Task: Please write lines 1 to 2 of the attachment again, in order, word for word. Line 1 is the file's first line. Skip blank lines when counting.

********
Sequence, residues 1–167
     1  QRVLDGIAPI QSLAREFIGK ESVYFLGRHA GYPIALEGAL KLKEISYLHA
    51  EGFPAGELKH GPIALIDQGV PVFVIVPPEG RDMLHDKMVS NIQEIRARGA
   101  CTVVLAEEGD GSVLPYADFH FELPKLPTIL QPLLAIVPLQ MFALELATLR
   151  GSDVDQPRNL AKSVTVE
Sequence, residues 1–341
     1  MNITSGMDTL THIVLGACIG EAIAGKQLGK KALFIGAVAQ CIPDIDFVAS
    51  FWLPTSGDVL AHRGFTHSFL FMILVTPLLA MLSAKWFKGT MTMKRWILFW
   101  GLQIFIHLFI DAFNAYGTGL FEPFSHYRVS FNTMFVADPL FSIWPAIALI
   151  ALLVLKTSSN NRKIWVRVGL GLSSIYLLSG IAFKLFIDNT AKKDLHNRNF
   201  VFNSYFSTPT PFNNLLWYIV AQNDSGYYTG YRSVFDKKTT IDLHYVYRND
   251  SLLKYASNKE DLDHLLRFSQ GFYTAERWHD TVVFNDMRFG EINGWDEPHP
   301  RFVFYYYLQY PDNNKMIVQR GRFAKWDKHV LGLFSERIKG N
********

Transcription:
Sequence, residues 1–167
     1  QRVLDGIAPI QSLAREFIGK ESVYFLGRHA GYPIALEGAL KLKEISYLHA